Song Mapping

K, 1, 2

Motivated by the song "This Land is Your Land," learners locate areas on a U.S. map and discuss the definitions of community, philanthropy, and volunteer. They picture themselves as volunteers, helping others.

Lesson Rating 
PrintOne Thirty-Forty Minute Class Period

The leaner will:

  • define philanthropy as giving of time, talent, and treasures.
  • locate, on a map of the United States, five of the places listed in the chorus of This Land is Your Land.
  • explain that relief offices are everywhere and often have volunteers who work in them.
  • describe how s/he could be a volunteer.
  • Recording of This Land is Your Land (see Bibliographical References)
  • Book, This Land is Your Land (see Bibliographical References)
  • Large pull-down map of the USA
  • Outline map of the United States for each student (see Attachment One)
  • Crayons, colored pencils
  • (optional) an overhead copy of the students' map
  • (optional) a picture of the Statue of Liberty
  • Guthrie, Woody and Arlo Guthrie. This Land Is Your Land. Rounder Kids C8050. Rounder Records Corp., 1997.
  • Guthrie, Woody and Kathy Jakobsen. This Land is Your Land. Boston: Little, Bear and Company, 1998.


  1. Anticipatory Set:Play the recording of "This Land Is Your Land" and have the class sing along. Ask: Who remembers the name of the man who wrote and sang this song?

  2. Show the last tri-fold page of the book This Land Is Your Land. Discuss what is happening in the different parts of the country. Are they doing things students might do?

  3. Woody Guthrie named many places in his song. What are some of the places that we could place on a map?

  4. Givethe student map sheets (see handout below). Using a large pull-down map of the United States as your guide, call learners up to point out the five main areas that are listed in the song (California, New York Island, Redwood Forest, Gulf Stream Waters, Desert). As a student points out where the area is located on the map, the other students should draw a picture and write the word for it on their maps. (Optional: The teacher may wish to do an overhead if students need more guidance). Continue to enlist volunteers until all five of the places have been named.

    • California: Write the state's name along the western coast. Ask students what they think of when they hear the word "California" (surfers, Disneyland, hot weather, etc.). Have the learners draw a picture of what they want to show as a symbol for California on the location of California on the map.
    • New York Island: Write the words "New York" and draw a picture of the Statue of Liberty. (Optional: If you have a picture of the Statue of Liberty it might help some children.) If the class is unfamiliar with the Statue of Liberty, they could draw skyscrapers.
    • Redwood Forest: Write words and draw trees in northern or central California.
    • Gulf Stream Waters: Write word where the Gulf of Mexico is on the map and draw waves.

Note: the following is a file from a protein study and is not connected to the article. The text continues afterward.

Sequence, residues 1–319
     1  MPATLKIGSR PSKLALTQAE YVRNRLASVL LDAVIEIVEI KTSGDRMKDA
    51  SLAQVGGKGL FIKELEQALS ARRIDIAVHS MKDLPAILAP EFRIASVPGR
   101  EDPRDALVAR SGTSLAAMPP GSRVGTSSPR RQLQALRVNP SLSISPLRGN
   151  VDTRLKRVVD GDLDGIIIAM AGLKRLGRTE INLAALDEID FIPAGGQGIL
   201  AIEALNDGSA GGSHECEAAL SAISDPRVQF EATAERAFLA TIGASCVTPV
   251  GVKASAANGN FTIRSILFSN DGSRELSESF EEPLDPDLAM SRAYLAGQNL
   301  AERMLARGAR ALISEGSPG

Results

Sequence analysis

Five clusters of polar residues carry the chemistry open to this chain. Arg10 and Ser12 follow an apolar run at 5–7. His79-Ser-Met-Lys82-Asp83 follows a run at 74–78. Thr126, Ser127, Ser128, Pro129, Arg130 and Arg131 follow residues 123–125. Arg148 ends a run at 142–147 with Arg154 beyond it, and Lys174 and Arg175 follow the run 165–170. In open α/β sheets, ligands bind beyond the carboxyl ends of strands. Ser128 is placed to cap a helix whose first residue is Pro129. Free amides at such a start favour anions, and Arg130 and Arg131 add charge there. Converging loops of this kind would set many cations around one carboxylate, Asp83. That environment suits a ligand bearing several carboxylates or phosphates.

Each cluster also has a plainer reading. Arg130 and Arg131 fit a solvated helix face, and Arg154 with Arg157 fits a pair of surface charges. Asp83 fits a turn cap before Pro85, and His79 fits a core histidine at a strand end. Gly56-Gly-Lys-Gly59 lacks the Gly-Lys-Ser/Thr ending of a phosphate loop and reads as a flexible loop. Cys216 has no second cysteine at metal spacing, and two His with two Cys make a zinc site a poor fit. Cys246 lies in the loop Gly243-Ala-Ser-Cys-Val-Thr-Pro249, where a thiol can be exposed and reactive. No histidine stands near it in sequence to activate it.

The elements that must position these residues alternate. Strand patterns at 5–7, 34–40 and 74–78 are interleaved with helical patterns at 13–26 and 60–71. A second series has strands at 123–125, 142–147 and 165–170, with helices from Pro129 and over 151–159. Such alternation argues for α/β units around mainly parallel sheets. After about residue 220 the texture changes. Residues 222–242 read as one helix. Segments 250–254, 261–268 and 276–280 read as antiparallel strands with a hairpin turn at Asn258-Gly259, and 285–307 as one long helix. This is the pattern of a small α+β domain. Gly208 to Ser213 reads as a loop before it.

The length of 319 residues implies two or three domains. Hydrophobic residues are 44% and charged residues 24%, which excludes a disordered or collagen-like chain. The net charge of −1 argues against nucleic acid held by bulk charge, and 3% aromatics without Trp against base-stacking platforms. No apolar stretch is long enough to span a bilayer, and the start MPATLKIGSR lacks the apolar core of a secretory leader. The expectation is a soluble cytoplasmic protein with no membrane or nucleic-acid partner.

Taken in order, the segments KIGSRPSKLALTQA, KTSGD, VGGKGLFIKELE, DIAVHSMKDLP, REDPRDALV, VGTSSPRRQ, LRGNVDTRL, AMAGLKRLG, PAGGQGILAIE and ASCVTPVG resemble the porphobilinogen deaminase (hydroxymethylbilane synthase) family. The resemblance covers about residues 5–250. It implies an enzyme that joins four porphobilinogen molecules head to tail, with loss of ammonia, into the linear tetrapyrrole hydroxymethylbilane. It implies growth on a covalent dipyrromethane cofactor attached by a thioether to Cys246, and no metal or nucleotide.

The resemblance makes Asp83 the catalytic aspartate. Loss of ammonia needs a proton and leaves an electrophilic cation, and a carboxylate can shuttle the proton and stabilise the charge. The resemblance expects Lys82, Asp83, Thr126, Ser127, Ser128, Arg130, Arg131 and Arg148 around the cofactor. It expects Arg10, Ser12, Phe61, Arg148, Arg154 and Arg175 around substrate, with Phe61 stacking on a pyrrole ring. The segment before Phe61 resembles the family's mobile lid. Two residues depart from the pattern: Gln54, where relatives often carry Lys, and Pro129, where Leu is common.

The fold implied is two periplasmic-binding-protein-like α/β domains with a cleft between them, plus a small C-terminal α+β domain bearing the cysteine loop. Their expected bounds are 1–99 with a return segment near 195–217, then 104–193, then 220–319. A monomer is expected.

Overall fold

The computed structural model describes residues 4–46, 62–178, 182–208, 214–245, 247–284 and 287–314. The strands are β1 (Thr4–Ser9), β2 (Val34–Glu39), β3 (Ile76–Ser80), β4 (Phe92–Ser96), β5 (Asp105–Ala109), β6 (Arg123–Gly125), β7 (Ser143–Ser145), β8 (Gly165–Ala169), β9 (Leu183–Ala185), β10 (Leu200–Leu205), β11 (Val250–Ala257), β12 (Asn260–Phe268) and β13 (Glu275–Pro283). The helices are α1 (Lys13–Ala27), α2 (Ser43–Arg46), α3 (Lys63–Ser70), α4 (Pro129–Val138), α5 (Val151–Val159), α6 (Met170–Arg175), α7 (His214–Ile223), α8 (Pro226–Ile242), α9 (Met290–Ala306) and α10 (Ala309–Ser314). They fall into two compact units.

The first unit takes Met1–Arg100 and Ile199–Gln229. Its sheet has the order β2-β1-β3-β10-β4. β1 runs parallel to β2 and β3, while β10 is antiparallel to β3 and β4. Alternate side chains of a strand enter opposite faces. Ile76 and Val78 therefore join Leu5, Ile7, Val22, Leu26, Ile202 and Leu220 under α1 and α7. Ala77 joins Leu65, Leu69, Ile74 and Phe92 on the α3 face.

• Desert: Write the word and draw a cactus plant near Arizona or New Mexico.
  5. Ask: What is a community? (Group of people living in the same area.) Explain that the more people in the community work together, the better the community becomes. See if students can give examples of people working together in a community.

  6. Explain that a relief office is a place where people who didn't have work could get work or assistance with life needs. Where should we put a relief office on our maps? Lead the class to the conclusion that a relief office could be put anywhere on the map because every community has people who need help. Have students write relief office anywhere they choose on the map and label it. Tell them that volunteers work at a relief office (places like job centers in today's world). What is a volunteer? (A person who does something without pay to help others because they want to.)

  7. A volunteer practices philanthropy (write the word on the board). Have students pronounce it several times. Explain that philanthropy means giving of your time, talent, or treasure for the common good. Ask the following for clarification of what anyone can give. 

    • What is your time? (Recess, after school, etc.)
    • What is your talent? Can you do something well that you could share with others? (Play music, sing, rake leaves, read a story, etc.)
    • What are your treasures? (Money or possessions. You do not have to give your treasures away to do philanthropy.)
  8. Have students draw anywhere on the map pictures of themselves acting as volunteers, and write what they are doing to help others.


Use the handout scoring chart to evaluate whether students are following directions to label and illustrate thei US maps through the Song Mapping assignment. 

Philanthropy Framework

  1. Strand PHIL.I Definitions of Philanthropy
    1. Standard DP 01. Define Philanthropy
      1. Benchmark E.1 Define philanthropy as the giving and sharing of time, talent, or treasure intended for the common good.
    2. Standard DP 02. Roles of Government, Business, and Philanthropy
      1. Benchmark E.5 Recognize that volunteering requires freedom of choice.
  2. Strand PHIL.II Philanthropy and Civil Society
    1. Standard PCS 03. Philanthropy and Economics
      1. Benchmark E.11 Describe the difference between volunteer and paid labor.
    2. Standard PCS 05. Philanthropy and Government
      1. Benchmark E.1 Define community as the degree that people come together for the common good.
    3. Standard PCS 07. Skills of Civic Engagement
      1. Benchmark E.2 Discuss an issue affecting the common good in the classroom or school and demonstrate respect and courtesy for differing opinions.
  3. Strand PHIL.III Philanthropy and the Individual
    1. Standard PI 01. Reasons for Individual Philanthropy
      1. Benchmark E.1 Describe one reason why a person might give or volunteer.